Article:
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What Is Polysubstance Abuse?

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What is polysubstance abuse? In recent years, misusing popular drug cocktails, consisting of a mixture of more than one substance, has become popular among teenagers and young adults. The practice of polysubstance abuse provides a more intense high than misusing a single substance. However, the trend is equally dangerous and can lead to accidental overdose and death.

What Is Polysubstance Abuse?

While misusing drug cocktails is one form of polysubstance abuse, it does not fully define this term and associated behaviors. To get a better idea of what polysubstance abuse is, you need to understand the following behaviors:

  1. The person simultaneously misuses two or more substances. For example, they may drink alcohol while also snorting cocaine. 
  2. The misuse can be international or unintentional. Sometimes a person does not know they are misusing multiple substances, like when they believe the heroin they are using is pure, but it was mixed with fentanyl. 
  3. The misuse can include mixing both illicit and legal substances. For instance, they could smoke marijuana laced with ketamine.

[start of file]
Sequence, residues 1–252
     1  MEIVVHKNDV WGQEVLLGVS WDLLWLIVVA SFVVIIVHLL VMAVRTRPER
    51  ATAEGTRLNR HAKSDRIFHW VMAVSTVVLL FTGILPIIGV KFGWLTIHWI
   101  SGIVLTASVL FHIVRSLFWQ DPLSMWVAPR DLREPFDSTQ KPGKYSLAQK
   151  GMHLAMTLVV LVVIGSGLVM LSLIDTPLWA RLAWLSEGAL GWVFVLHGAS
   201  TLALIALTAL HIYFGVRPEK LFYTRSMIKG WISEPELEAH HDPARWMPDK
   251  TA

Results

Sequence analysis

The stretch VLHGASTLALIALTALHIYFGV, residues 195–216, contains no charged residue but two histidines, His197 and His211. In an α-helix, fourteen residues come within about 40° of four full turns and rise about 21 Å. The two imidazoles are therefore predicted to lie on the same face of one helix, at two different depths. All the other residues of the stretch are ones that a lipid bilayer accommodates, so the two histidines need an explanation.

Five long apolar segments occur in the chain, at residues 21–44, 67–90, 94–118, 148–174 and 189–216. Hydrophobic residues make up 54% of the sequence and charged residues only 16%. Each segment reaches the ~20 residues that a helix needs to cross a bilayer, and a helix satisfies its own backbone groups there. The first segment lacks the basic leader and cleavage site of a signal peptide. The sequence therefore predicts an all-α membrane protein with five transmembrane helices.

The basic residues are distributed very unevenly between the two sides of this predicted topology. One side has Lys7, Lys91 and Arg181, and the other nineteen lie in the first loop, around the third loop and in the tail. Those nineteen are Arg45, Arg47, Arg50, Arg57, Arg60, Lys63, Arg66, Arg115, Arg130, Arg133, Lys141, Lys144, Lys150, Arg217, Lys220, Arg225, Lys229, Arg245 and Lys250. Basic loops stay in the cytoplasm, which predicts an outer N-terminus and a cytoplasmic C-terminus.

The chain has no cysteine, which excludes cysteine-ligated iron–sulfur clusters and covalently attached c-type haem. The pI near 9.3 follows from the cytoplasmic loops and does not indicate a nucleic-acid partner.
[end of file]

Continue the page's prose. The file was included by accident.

4. The person does not discriminate or favor one substance over another. So, for example, they could mix alcohol with MDMA one night and snort cocaine and take Adderall another night.  

In addition, many people suffering from polysubstance abuse tend to engage in binging behaviors. Furthermore, they are addicted to getting high, not any one particular substance. So, they will take just about any combination of alcohol and drugs.

Common Polysubstance Combinations

While most people with polysubstance use disorder do not discriminate regarding what drugs they take or whether they drink alcohol, certain combinations are more commonly taken than others. 

Alcohol and Cocaine

Alcohol is a depressant, and misuse lowers inhibitions while making one feel relaxed. Mixing alcohol with cocaine, a stimulant, increases energy levels while boosting one’s euphoric state. 

Opioids and Benzos

Both opioids and benzos are depressants. Opioids can make you feel happy, relaxed, and euphoric. Combining benzo with opioids can enhance these effects. 

Cocaine and Heroin

Cocaine can make you feel excited, full of energy, and very alert. Heroin can cause a sense of detachment and relaxation. Mixing the drugs can lower one’s inhibitions while causing a euphoric state. 

Signs and Symptoms of Polysubstance Abuse

The signs and symptoms of polysubstance abuse can be difficult to notice, mainly because of the substances being misused. However, some of the more common signs and symptoms could include the following:

  • Changes in appetite
  • Weight gain or weight loss
  • Mood swings
  • Changes in energy levels
  • Changes in sleep patterns
  • Watery eyes
  • Runny nose
  • Poor decision making
  • Engaging in more risky behavior
  • Lowered inhibitions
  • Overly talkative